Although not a whisper had been heard of it in ordinary commercial circles, there was some foundation for the forecast which Von Baumser had made as to the fate of the great house of Girdlestone. For some time back matters had been going badly with the African traders. If the shrewd eyes of Major Tobias Clutterbuck were unable to detect any indications of this state of affairs in the manner or conversation of the junior partner, the reason simply was that that gentleman was entirely ignorant of the imminent danger which hung over his head. As far as he knew, the concern was as prosperous and as flourishing as it had been at the time of the death of John Harston. The momentous secret was locked in the breast of his grim old father, who bore it about with him as the Spartan lad did the fox—without a quiver or groan to indicate the care which was gnawing at his heart. Placed face to face with ruin, Girdlestone fought against it desperately, and, withal, coolly and warily, throwing away no chance and leaving no stone unturned. Above all, he exerted himself—and exerted himself successfully—to prevent any rumour of the critical position of the firm from leaking out in the city. He knew well that should that once occur nothing could save him. As the wounded buffalo is gored to death by the herd, so the crippled man of business may give up all hope when once his position is known by his fellows. At present, although Von Baumser and a few other such Ishmaelites might have an inkling from sources of their own as to how matters stood, the name of Girdlestone was still regarded by business men as the very synonym for commercial integrity and stability. If anything, there seemed to be more business in Fenchurch Street and more luxury at the residence at Eccleston Square than in former days. Only the stern-faced and silent senior partner knew how thin the veneer was which shone so deceptively upon the surface.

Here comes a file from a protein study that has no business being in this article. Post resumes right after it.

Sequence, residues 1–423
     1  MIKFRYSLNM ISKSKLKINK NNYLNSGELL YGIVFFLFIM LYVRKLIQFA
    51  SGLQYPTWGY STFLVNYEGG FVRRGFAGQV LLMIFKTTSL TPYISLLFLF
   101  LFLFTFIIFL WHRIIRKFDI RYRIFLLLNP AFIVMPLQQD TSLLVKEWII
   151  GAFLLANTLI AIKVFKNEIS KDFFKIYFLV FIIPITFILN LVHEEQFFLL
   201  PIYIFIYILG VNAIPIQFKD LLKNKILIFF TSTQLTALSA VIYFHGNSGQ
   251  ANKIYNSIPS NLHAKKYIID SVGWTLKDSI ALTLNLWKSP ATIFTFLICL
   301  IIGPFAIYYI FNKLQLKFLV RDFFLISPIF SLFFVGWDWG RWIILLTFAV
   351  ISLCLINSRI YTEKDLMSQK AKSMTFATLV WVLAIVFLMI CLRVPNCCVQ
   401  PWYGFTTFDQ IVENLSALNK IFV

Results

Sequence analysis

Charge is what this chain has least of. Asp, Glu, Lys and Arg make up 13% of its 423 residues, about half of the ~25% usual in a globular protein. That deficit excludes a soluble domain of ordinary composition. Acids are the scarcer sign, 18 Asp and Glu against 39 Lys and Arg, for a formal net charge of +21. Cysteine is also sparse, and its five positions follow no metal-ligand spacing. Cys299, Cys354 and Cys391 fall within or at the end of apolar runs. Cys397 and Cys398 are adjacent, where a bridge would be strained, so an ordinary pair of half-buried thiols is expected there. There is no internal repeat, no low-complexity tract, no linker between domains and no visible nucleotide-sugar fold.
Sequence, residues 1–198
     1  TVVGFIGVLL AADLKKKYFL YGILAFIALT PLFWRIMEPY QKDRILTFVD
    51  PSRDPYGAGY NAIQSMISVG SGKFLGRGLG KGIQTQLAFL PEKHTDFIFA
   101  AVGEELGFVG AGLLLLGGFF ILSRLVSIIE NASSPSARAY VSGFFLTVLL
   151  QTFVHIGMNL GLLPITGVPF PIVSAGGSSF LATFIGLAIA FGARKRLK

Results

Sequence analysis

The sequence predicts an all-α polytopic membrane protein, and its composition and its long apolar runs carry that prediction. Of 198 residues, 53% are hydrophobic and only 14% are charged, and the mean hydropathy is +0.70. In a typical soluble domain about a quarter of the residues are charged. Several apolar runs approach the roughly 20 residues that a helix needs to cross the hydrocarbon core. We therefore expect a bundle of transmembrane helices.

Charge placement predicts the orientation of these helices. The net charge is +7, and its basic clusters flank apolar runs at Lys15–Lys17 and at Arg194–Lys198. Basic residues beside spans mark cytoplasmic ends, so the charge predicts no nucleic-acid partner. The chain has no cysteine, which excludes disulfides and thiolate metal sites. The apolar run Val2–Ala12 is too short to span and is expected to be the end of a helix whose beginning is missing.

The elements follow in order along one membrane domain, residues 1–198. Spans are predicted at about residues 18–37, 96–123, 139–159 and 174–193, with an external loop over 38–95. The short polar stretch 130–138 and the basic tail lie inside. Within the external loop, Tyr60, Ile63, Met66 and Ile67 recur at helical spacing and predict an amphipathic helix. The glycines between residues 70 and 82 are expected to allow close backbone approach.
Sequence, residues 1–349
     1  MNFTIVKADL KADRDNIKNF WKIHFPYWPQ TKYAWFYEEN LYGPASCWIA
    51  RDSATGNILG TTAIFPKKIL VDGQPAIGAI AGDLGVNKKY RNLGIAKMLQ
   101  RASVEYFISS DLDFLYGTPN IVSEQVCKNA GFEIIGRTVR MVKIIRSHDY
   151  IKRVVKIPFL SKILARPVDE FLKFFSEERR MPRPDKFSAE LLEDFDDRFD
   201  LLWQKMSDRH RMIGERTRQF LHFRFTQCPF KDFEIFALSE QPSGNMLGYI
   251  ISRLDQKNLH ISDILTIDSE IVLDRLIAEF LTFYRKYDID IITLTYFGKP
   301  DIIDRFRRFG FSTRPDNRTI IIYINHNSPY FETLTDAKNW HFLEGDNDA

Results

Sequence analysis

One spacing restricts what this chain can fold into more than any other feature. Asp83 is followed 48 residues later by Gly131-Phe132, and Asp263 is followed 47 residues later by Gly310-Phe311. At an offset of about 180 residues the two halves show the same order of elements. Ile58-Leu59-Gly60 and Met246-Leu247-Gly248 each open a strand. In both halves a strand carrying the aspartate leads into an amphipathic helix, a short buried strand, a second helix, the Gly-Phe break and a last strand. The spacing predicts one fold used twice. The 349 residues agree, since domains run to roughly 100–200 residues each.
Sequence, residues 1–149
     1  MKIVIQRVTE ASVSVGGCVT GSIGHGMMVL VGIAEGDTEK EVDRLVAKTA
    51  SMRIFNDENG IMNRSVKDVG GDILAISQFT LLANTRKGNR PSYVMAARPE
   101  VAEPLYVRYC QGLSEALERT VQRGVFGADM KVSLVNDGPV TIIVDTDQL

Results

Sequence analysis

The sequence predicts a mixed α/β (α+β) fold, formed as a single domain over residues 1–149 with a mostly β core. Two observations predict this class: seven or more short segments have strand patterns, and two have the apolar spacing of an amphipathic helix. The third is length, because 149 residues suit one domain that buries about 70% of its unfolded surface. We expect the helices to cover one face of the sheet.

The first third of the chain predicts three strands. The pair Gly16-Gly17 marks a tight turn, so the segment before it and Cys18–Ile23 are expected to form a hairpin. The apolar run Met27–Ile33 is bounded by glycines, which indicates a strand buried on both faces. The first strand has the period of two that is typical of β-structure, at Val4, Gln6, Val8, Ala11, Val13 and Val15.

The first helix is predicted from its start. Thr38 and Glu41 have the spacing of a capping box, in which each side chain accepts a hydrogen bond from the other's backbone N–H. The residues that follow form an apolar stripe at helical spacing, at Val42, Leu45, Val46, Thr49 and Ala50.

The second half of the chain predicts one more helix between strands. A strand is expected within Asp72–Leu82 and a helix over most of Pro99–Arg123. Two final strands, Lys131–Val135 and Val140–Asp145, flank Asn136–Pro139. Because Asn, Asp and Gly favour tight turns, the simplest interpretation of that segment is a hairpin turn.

Many things had contributed towards this state of affairs. The firm had been involved in a succession of misfortunes, some known to the world, and others known to no one save the elder Girdlestone. The former had been accepted with such perfect stoicism and cheerfulness that they rather increased than diminished the reputation of the concern; the latter were the more crushing, and also the more difficult to bear.
Lines of fine vessels from Liverpool and from Hamburg were running to the West Coast of Africa, and competition had cut down freightage to the lowest possible point. Where the Girdlestones had once held almost a monopoly there were now many in the field. Again, the negroes of the coast were becoming educated and had a keen eye to business, so that the old profits were no longer obtainable. The days had gone by when flint-lock guns and Manchester prints could be weighed in the balance against ivory and gold dust.